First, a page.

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Posts posted by J-G

  1. Probably:

    Millant: To (my) friend Ingigliardi, the informed amateur who has made the bow his second passion (?); hearty thanks for your support. (Paris, 17 July 2001)

    Raffin: For Monsieur Ingigliardi, great amateur (=lover) of bows; with all my thanks and my finest feelings. (Paris, 20 July 2001)


  2. This seems a good point at which to remind ourselves how fundamental turtle shells are in music history.  Grove online gives us this reference for the Latin word testudo (=tortoise):

    The Latin name for the Greek lyre, the body of which was sometimes made from the shell of a tortoise, though the word could also mean any arched structure. In medieval Latin it came to be used for the lute, since no specific term existed for that instrument (the genitive and ablative forms, ...

    (Sorry, I do not have access to the genitive and ablative forms.}

  3. Wow!  That is terrific.  I get the feeling your grandfather was an imaginative and resourceful man.  He saw possibilities others might miss.  And versatile too, since he went on to make good Strad-model violins.

    Looks like it was a real usable instrument-- does anyone in the family remember hearing it played? And what is that puck-like piece the strings attach to?  Looks like maybe a repurposed bicycle bell?  Thanks again, Jungashick!


  4. Thank you for that, Philip.

    "Pre-carved necks" I guess were necks manufactured abroad and imported for use by American makers?  May have been a widespread practice among amateur and solo builders. 

    It seems mine was one of his first violins, though he was already 40 in 1923.  I wonder how he got started.  And yes, the other Ohio Hildebrand could be part of the story.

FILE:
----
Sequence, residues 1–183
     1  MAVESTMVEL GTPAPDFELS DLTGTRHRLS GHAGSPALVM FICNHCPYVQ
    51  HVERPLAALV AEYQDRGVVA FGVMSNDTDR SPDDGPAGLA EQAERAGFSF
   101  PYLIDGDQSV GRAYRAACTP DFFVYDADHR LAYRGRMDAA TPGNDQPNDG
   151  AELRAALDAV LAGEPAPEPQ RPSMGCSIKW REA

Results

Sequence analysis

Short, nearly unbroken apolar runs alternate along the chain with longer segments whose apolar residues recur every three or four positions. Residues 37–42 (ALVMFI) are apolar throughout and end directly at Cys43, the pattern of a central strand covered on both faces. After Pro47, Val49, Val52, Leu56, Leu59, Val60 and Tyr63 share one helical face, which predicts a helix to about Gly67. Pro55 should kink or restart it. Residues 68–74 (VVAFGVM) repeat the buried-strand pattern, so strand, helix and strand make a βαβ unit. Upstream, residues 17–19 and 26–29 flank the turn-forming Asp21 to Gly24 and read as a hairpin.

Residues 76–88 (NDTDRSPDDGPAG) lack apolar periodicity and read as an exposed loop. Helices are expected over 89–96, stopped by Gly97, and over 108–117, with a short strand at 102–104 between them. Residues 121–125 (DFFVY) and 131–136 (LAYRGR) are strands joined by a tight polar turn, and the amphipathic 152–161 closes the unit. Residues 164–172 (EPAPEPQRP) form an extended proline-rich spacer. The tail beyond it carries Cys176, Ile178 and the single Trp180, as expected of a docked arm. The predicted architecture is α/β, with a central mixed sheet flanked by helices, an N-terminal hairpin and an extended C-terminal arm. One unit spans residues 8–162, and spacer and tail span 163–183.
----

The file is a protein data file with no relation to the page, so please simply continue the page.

I'd love to know more about that mandolin!

  5. Here is the Hildebrand violin I mentioned in the Modern Peg Taper thread. It turned up in a music store here on Vancouver Island, and I was glad to find it.

    It is signed inside on each panel of the back plate:

    Bernard L. Hildebrand  1923 Cutler O.

    I gather Hildebrand later had a violin shop in Springfield (Ohio) where he built, repaired and sold instruments. My instrument seems very neatly built and is in very solid condition. Sound (in my hands) is not huge, but strong and full. Response is very even, with no bad notes. I'm playing it in a community string orchestra, and enjoying it very much.

    The maker's great-grandson responded in the other thread, and I hope we'll hear again from him or his father with biographical information and/or personal memories. I believe Hildebrand also had an entry in the Wenberg book; can anyone here look that up?

    Any other Hildebrand players here? I know there was one on MN as recently as 2009.:lol:







  6. Thank you for the information here and in your private message, Matt.  When I get home from my holiday travels I will photograph my violin and start a new thread here devoted to Hildebrand instruments.

    Sorry to have derailed somewhat this discussion of peg taper. 

  7. On 12/23/2019 at 5:48 PM, mhildebrand said:

    Bernard Hildebrand the violin maker was my great grandfather. I unfortunately can't narrow down that time frame for you since many of his works were lost in a fire at his shop near the end of his life. I only have one of his violins but also know the whereabouts of a mandolin he made out of a tortise shell